Legacy of Dudley police officer who died of breast cancer 'lives on', as colleagues pay tribute
The West Midlands Police Federation has paid tribute to its former deputy chair, who tragically died of breast cancer earlier this year.
Sam Hughes from Kingswinford was 53 when she died of cancer, and her colleagues have marked the end of Breast Cancer Awareness Month by paying tribute to Sam.
Her best friend, federation member Jameela 'Jam' Ismail, first met Sam Hughes 19 years ago while on the response team.
The pair’s friendship quickly blossomed, and they became inseparable both at work and socially.
To mark the end of Breast Cancer Awareness Month, which runs annually throughout October, Jameela has told how Sam’s cancer experience continues to impact her colleagues and friends within West Midlands Police.
“Sam was a petite, five-foot-something woman - I don’t think anyone expected her to be the strong-willed, fiery police officer that she was,” said 48-year-old Jam.
“The girl could definitely hold her own. But that’s what I loved about Sam. She was a strong woman, full of opinion - but equally kind, loyal and caring. The best mixture. I miss her dearly.
“She thrived in the role, it suited her perfectly. She just wanted to help people. She was absolutely gutted not to get her 20-years-in-service recognition. She was just a few months off.”
Born in Wolverhampton, Sam joined the police force in 2003 and was first diagnosed with cancer in 2017.
In 2020 Sam became a federation workplace representative, going on to become deputy chair at the branch in 2021.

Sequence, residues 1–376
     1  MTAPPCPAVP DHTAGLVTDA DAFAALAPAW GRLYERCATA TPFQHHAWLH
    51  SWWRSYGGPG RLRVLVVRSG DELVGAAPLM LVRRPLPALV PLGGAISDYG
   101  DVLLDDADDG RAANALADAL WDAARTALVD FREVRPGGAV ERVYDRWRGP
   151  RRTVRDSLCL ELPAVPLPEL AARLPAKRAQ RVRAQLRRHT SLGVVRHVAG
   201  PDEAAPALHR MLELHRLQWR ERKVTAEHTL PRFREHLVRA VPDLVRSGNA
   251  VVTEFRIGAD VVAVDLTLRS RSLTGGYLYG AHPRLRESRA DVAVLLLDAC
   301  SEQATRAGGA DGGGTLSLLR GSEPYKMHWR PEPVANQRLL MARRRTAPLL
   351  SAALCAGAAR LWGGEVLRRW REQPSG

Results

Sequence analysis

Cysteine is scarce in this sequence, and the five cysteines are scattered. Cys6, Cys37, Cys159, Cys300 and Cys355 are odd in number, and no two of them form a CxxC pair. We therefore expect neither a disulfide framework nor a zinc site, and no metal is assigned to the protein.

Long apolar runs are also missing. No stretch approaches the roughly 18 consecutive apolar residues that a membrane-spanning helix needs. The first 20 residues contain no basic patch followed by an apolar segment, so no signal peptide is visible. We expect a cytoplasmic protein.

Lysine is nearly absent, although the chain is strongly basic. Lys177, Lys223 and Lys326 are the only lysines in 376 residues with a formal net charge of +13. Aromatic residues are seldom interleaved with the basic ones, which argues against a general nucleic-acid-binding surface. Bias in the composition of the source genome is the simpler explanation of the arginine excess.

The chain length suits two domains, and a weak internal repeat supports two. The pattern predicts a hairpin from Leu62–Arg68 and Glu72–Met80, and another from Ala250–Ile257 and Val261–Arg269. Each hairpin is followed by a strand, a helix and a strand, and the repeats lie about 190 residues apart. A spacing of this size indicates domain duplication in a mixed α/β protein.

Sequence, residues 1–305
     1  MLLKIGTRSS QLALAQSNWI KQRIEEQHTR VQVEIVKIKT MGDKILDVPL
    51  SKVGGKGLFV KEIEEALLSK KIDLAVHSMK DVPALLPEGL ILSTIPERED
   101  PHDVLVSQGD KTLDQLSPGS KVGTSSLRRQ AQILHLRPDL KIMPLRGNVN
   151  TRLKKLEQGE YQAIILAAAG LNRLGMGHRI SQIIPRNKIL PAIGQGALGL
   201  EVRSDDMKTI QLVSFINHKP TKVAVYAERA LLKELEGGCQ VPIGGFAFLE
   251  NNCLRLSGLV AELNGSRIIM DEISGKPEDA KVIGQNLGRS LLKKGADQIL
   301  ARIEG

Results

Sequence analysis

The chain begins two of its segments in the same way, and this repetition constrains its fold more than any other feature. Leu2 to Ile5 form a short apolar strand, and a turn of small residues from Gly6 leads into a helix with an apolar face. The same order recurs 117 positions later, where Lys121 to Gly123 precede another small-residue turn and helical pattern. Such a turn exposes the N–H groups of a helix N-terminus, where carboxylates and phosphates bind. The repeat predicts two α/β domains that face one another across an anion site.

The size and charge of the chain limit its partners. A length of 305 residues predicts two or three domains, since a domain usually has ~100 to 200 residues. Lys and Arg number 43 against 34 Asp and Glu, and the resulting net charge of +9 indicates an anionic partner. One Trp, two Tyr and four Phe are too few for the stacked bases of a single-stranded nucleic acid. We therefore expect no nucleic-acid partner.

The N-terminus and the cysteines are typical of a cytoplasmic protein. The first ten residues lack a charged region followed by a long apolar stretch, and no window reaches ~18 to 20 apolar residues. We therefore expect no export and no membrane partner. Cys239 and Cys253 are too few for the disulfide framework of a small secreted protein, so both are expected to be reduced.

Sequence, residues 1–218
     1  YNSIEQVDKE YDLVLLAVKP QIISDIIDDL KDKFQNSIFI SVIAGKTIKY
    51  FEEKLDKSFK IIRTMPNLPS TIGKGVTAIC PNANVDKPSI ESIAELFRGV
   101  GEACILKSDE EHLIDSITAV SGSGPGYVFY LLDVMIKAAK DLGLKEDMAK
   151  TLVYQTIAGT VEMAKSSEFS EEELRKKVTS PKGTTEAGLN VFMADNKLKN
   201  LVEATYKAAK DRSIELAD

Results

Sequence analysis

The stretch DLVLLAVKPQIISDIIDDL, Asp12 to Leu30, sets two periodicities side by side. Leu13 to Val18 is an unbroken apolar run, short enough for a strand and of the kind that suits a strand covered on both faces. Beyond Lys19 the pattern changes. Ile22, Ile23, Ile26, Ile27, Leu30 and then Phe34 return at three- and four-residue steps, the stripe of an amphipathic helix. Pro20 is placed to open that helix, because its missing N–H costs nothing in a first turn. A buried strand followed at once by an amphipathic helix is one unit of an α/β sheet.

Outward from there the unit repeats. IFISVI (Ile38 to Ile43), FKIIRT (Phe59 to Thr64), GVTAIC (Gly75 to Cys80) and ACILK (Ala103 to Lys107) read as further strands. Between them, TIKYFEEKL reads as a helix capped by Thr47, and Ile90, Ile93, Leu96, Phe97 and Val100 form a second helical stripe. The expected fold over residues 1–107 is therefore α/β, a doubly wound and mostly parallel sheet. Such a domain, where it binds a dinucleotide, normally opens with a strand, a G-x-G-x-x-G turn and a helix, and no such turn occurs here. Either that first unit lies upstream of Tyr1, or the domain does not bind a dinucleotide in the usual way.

Shortly after taking on the position, Sam was given a devastating second cancer diagnosis. On March 15 this year, the mother-of-two died.
“Sam put on a tough exterior but I know how scared she was. She didn’t have an option. She had cancer,” explained Jam.
“And the thing with Sam was, she liked to be in control - and when it came to cancer, she wasn’t in control. The treatment and hospital appointments dictated her life.
“That said, she was always very positive and pragmatic, even up until those final few days.”
Jam told how Sam was determined to use her experience to support others. She worked hard to develop a booklet full of tips and advice for anyone diagnosed with a serious illness.
“She was always very open and honest about her diagnosis. She never had a problem talking about cancer,” continued Jam, who recalls the pair spending countless Saturdays during Sam’s treatment, chilling together, watching TV, eating snacks and catching up.
“She even talked about dying. In fact, five weeks before she died Sam took me to the hospice she would be in when the end came.”
Jam said that Sam’s legacy has massively impacted everyone at West Midlands Police Force, adding: “Whether it’s the women checking their breasts or the men telling their other halves to check themselves, Sam’s experience has shown everyone that cancer can happen to anyone, whatever age you are.
“She did all she could to raise awareness of the disease. Sam wouldn’t want us to cry for her. She would want her legacy to live on. She would be very proud to know that she is still helping people, even when she’s not here.”
Colleague Tim Rogers added: "Sam carried on working right to the end, trying to make a difference. Even though she was petrified, she still tried to make a difference to others.
“She was an amazing, inspirational and genuine lady. She came into the federation role with a firm desire to use her own experiences to help others. Sam always thought of everyone else.
"It is heartbreaking that her life has been cut short. She will be sorely missed and our thoughts are with her husband, Shaun, her two children, wider family, friends and colleagues."
For information on how to properly check your breasts visit the NHS website.